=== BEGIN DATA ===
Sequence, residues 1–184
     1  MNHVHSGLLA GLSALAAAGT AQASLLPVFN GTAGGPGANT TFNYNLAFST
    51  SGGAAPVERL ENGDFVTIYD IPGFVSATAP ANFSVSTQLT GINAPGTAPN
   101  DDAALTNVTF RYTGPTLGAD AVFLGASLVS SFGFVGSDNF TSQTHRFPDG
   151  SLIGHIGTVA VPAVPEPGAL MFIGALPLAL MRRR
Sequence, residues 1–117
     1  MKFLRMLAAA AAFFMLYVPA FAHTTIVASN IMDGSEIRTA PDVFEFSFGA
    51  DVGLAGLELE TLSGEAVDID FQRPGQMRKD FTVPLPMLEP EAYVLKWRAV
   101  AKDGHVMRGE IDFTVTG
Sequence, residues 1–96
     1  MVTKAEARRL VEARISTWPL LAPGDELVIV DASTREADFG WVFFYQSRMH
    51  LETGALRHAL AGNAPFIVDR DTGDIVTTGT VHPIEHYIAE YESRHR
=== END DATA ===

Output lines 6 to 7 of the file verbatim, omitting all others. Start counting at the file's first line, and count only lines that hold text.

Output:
Sequence, residues 1–117
     1  MKFLRMLAAA AAFFMLYVPA FAHTTIVASN IMDGSEIRTA PDVFEFSFGA